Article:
A Thorough Property Winterization Checklist

Written by Free Online Encyclopedia. Posted in Home

Do you live in a place where the weather gets rough and harsh during the winter season? Is your home not protected against extreme temperatures and storms? Well, winter is considered one of the harshest seasons of the year. With this in mind, it is important to understand the important elements of a property winterization checklist.

If you want to make sure that your family is safe and protected no matter what season comes along, then it would be best for you to prepare now by making some crucial changes inside your house, such as having an efficient heating system installed or transforming your entire house into a shelter.

It would surely be a great idea for you to learn more about what you can do to make your house safe and protected. What is the advantage of synthetic grass during winter? Instead of spending much on re-planting every year, you should consider investing in artificial grass that can last up to seven years or more depending on its quality and care.

Below are other things you will find in a property winterization checklist:

Remove Window Air Conditioners

This is perhaps one of the essential steps in the property winterization checklist to protect your home during the winter. Still, it is often overlooked by homeowners who are only concerned about keeping their house warm enough to prevent pipes from freezing or bursting. Most modern furnaces have built-in limit switches designed specifically to go off whenever they detect an unusually high temperature, like if you leave a space heater on while the heat itself is turned off, for example.

The danger of leaving your AC unit in place during the dead of winter is that it can cause your furnace to fail when power is restored after an outage. If this happens, you could be left with expensive repair bills and a frozen AC unit. For this reason, it is best to remove the window unit entirely while you are away and bring it back inside after you return. Remove AC units, putting them in a shed or garage that is not connected to your house’s heating system.

If you do not have an area outside of your home where you can store the AC unit during the winter, call a local business that offers storage options and inquire about their rates and availability (this option may be more expensive than simply putting the heater in a shed or garage). To avoid damage from freezing temperatures while you are away on vacation, keep window units indoors if possible; alternatively, bring units inside overnight while you sleep so they will not freeze.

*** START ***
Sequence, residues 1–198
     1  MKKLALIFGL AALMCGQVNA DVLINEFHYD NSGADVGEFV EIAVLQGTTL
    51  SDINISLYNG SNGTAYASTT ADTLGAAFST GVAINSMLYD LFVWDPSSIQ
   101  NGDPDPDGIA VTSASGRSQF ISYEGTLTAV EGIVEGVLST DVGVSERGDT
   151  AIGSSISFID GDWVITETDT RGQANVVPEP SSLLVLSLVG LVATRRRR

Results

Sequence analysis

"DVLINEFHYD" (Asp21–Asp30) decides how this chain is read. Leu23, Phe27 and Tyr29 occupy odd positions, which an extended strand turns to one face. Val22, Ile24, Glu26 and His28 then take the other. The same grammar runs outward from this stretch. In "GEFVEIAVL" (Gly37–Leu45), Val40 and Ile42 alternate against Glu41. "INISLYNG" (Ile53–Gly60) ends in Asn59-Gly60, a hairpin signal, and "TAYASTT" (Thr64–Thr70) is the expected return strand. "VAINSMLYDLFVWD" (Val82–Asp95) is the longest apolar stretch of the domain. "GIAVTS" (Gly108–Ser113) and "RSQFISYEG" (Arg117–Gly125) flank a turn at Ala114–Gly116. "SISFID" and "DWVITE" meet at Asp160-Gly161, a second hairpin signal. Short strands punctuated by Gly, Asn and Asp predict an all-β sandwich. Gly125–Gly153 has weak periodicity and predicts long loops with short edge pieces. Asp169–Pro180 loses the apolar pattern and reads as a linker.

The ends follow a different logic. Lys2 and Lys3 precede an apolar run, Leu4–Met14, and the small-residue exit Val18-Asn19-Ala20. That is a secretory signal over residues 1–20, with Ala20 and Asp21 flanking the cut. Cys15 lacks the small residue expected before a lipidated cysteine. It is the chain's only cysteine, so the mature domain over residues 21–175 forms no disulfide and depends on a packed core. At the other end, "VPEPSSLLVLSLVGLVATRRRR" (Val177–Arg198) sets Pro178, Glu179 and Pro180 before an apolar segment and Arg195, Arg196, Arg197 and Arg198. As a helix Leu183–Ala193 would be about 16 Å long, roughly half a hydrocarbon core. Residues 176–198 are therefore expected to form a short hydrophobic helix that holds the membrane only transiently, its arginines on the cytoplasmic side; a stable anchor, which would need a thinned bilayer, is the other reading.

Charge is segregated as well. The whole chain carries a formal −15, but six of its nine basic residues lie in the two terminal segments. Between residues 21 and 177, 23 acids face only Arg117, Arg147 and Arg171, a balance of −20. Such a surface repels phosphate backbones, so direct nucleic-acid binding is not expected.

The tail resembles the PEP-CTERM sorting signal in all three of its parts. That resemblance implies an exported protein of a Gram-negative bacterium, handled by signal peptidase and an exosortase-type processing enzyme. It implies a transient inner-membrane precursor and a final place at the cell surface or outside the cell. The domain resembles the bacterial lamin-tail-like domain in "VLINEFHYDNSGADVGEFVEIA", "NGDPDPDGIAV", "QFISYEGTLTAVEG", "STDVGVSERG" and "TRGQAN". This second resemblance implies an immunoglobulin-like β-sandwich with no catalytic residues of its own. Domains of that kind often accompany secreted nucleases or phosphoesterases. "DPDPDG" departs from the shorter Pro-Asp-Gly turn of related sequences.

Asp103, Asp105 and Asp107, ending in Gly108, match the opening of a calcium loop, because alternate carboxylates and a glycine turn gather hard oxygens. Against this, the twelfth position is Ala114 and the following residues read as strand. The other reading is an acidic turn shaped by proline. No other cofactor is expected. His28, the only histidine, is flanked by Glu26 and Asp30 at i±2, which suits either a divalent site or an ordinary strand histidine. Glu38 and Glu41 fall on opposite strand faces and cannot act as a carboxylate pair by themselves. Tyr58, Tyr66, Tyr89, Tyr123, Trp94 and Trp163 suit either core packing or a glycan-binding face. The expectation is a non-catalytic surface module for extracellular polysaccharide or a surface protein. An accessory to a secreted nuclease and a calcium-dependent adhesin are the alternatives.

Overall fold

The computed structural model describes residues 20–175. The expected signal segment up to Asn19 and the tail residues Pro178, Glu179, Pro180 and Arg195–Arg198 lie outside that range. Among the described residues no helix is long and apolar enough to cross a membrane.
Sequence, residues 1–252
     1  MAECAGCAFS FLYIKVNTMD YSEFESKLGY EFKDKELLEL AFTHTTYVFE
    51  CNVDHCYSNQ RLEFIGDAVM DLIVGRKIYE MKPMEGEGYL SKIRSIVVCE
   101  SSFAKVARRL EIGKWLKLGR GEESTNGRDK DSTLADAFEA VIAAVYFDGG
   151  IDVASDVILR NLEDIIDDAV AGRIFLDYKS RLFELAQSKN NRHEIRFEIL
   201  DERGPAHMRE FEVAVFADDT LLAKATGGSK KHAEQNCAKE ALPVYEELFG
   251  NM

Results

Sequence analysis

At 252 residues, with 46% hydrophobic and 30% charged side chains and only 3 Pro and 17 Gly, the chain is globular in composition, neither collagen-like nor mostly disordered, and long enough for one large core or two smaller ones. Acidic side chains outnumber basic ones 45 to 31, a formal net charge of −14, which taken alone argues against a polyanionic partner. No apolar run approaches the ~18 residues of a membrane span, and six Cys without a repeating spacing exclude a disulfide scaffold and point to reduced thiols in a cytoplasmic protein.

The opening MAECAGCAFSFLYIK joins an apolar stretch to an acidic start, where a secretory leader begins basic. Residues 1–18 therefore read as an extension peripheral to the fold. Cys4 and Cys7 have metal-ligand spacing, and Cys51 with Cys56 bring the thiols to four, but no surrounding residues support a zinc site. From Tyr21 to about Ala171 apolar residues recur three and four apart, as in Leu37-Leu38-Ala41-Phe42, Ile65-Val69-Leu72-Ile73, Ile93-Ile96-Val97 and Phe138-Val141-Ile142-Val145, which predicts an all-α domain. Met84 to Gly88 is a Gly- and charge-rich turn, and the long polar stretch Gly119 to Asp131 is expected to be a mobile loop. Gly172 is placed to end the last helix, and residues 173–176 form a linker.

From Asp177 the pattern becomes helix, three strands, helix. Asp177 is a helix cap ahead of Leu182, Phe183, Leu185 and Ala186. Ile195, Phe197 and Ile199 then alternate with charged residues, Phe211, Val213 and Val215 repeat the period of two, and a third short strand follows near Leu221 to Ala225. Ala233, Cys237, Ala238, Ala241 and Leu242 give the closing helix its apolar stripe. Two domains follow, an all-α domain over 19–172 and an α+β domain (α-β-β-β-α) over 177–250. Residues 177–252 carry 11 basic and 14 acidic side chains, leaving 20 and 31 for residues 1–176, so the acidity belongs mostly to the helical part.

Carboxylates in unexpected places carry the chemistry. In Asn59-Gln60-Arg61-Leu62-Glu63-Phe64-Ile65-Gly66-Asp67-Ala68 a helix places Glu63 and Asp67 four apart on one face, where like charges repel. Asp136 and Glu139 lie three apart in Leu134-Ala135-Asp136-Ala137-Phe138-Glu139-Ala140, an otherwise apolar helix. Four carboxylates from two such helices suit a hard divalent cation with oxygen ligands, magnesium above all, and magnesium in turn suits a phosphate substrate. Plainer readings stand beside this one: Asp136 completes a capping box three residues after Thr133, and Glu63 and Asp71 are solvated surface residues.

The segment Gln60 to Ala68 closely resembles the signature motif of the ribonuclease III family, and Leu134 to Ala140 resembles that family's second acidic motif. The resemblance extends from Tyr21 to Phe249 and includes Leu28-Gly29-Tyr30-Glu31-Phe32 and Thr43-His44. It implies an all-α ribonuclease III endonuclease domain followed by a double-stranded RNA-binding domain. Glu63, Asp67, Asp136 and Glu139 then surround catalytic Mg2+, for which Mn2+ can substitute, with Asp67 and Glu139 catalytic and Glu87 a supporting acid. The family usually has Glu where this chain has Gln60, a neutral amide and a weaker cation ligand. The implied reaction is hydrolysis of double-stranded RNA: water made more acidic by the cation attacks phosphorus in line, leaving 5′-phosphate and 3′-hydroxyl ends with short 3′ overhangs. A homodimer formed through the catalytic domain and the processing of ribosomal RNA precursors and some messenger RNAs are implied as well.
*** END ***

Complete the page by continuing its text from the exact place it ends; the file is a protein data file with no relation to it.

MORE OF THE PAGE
If keeping your AC unit inside is not an option, put it in place with no snow accumulation to prevent parts from being weighed down by heavy snowfall. Also, place a tarp or other cover over the unit to prevent precipitation and ensure that it does not freeze to the ground.

Turn off at least one of your furnace’s limit switches if you have a room air conditioner with its thermostat. This ensures that your AC unit will not shut down while trying to keep your house cool during an outage, which could ultimately cause problems for your furnace when the power comes back on (and vice versa). Turning off these limit switches can be accomplished with a simple flip of a switch in your furnace’s electrical panel; consult the owner’s manual for instructions specific to your furnace model/manufacturer combination.

Drain Your Home of Water

Draining your home water is another crucial tip on a property winterization checklist. Of course, if you have a garden hose or any outdoor spigot left on during freezing weather, there is a good chance that the entire house could be flooded when power is restored, which would cause even more problems than just an overflowing toilet or two. To avoid this possibility, drain all pipes and appliances before letting them freeze up for however long you will be gone. This includes washing machines and dishwashers and cooking equipment like stoves and ovens, even PEX tubing under the floor.

You can always wait to drain water lines until you are ready to leave town but be sure they are drained of all water before freezing weather sets in. This is not a do-it-yourself project unless you have the necessary equipment and know-how, so contact a plumber or heating/cooling contractor if you need help draining pipes.

Another thing to look out for in the property winterization checklist is preventing septic system backups. Now is the time to make sure your septic tank and leach field are winterized, which will prevent flooding during the next big storm as residential water damage restoration services can be quite costly. This work may be performed by a plumber or an irrigation contractor, though it can also be done with materials available at hardware stores (e.g., seepage pit kits).